A unique, powerful way to assist you whenever you need to shift your thoughts out of a negative mental attitude is to insert the words “I have faith that” before any negative thought you’re holding. For example, let’s say you’re anxious about an upcoming meeting. Your ego-aspect is fearful that it won’t go well. How does it feel to make that a statement that proclaims “I have faith that this meeting won’t go well for me.” That’s a whole different energy, when you put specific words to what you’re feeling, isn’t it? If you preface any fearful, negative, or non-supportive statement with “I have faith that…,” such as in this example about the meeting, how will you behave differently than if you don’t have that mental attitude, that “faith” that it won’t go well for you?

Imagine saying the following, or give it a try now, as you read these statements, and see how it feels to proclaim them:
·         I have faith that I don’t have Self worth.
·         I have faith that I don’t deserve the good Source wants me to have.
·         I have faith that finances are a struggle for me.
·         I have faith that health is a problem for me.
·         I have faith that success is hard or impossible.
·         I have faith that I won’t recover from this experience I’m having.
·         I have faith that negativity (anger, bitterness, sorrow) is my path, and that I’ll never get over this or release this.

Every time you have and hold a negative thought, you’re actually making an opposing “faith” statement—a proclamation, without realizing it. You could keep going with more of these statements of your own, but you see how a part of you really wants to go in another direction from such opposing “faith” statements. Somewhere inside you, a voice shouts, “No! No! No! That is NOT what I want or want to believe.” Or maybe the voice shouted, “I absolutely DO NOT believe that, nor do I choose to!” At least, I hope that’s what you experienced. Whenever you make a positive affirmation but don’t put it into practice as a mental attitude, you’re being guided by a subjective opposing “faith” statement, and that’s what you practice, without realizing it.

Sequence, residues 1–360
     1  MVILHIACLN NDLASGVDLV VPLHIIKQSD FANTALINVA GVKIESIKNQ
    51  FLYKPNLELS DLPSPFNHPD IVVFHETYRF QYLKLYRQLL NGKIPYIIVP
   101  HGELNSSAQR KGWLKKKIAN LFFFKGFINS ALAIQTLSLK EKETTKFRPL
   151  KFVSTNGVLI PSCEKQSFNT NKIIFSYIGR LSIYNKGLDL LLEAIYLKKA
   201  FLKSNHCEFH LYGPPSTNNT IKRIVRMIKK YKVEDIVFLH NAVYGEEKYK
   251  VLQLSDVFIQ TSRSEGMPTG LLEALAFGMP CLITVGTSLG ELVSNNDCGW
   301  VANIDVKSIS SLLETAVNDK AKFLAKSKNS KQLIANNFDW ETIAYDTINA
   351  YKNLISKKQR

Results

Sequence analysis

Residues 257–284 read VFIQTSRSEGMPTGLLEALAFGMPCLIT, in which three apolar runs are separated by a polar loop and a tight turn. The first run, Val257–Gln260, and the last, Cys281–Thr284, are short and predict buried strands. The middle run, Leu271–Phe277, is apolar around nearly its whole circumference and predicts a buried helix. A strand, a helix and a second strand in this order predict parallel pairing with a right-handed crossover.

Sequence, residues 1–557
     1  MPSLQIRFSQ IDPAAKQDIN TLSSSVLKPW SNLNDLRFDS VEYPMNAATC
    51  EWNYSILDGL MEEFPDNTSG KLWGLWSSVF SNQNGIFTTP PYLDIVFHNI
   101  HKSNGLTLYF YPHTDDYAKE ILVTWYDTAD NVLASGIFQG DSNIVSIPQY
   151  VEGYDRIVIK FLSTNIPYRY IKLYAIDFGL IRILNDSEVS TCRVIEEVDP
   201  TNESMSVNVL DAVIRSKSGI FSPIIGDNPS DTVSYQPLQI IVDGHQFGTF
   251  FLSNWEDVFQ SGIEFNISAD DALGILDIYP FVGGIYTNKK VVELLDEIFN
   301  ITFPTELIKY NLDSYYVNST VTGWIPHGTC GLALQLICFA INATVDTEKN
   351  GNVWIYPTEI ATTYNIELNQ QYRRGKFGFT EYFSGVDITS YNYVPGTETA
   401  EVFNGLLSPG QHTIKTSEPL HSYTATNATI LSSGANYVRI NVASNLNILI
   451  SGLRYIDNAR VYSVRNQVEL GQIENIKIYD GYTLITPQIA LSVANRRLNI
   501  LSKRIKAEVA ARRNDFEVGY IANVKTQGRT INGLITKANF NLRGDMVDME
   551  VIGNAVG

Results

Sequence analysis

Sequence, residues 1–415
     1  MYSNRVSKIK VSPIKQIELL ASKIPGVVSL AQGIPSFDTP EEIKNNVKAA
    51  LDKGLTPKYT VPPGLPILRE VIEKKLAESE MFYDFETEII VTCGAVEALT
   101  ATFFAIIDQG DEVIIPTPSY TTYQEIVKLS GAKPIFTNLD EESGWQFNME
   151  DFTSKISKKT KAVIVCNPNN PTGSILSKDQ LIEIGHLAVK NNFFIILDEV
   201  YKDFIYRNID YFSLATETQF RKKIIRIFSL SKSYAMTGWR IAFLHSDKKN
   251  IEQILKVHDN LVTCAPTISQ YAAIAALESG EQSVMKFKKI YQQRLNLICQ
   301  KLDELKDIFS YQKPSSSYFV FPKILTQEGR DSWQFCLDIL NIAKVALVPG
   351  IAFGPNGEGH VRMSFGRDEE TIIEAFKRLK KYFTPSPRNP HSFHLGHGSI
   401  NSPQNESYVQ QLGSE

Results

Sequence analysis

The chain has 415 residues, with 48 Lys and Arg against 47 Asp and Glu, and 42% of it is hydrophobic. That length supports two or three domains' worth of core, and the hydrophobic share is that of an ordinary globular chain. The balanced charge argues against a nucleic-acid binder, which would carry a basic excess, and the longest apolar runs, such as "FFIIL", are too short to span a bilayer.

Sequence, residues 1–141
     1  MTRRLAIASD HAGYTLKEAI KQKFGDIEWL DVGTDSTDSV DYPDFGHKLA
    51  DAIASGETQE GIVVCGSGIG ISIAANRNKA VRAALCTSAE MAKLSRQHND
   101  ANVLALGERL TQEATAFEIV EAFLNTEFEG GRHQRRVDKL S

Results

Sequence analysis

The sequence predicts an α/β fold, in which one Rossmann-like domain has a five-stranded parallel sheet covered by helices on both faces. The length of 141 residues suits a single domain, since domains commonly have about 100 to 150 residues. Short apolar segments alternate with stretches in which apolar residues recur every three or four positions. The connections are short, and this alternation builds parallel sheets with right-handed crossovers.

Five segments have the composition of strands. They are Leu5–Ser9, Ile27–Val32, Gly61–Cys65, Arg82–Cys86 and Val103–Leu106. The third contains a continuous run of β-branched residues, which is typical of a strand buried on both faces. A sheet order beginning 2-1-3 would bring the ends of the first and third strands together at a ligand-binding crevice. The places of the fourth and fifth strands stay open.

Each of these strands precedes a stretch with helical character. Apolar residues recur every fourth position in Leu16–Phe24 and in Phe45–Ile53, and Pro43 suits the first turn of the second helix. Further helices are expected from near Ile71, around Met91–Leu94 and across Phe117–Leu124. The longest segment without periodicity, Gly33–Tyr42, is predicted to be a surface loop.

How does it feel to make these statements?
·         I have faith that Source loves me unconditionally.
·         I have faith that Source supports and supplies me, and is my only True resource because ALL is Source; ultimately, there is ONLY Source.
·         I have faith that I am a good person, worthy of all the good things Source has made available for me to use and enjoy.
·         I have faith that I can make wise and/or appropriate choices on my behalf.
·         I have faith in my particular talents, skills, and abilities.
·         I have faith that I have the resources I need and in right timing.
·         I have faith that with Source, which is ALWAYS on my side, my True security in any area of my current life and my eternal life is always assured.

What else might you add to this regarding what you have faith in about you, life, and Source? What would you like to add or choose to add? If there’s a statement you want to add but feel a contradiction about it, practice the opposing “faith” statement first so you can feel the “No!” then shift it to a statement you have no contradiction with.

Maybe you currently have health issues, financial issues, or any other kinds of issues you’re contending with. Having any issue, no matter your attitude, is not a sign of failure: You must look with larger vision at this. You must keep in mind or re-Mind yourself, as Catherine Ponder wrote, not to be hypnotized by appearances. Having a particular mental attitude may or may not quickly shift your experience or even shift it in the way your ego-aspect prefers, but it will shift YOU in the ways that benefit you most as a Spiritual Being, and be long-lasting.

Use the faith statement method offered above to assist you with this. As Holmes wrote, faith “is a dynamic fact.” This means your mental attitude is a dynamic fact. With faith and mental attitude practiced in this way, the number and level of fears and negative beliefs you may have carried for years begin to diminish and are replaced with serenity, joy, enthusiasm, trust; and the good you’ve been waiting for begins to show up, whether as an outer manifestation or an inner one that you feel. It’s a good practice, one you’ll appreciate.          
Practice makes progress.
© Joyce L. Shafer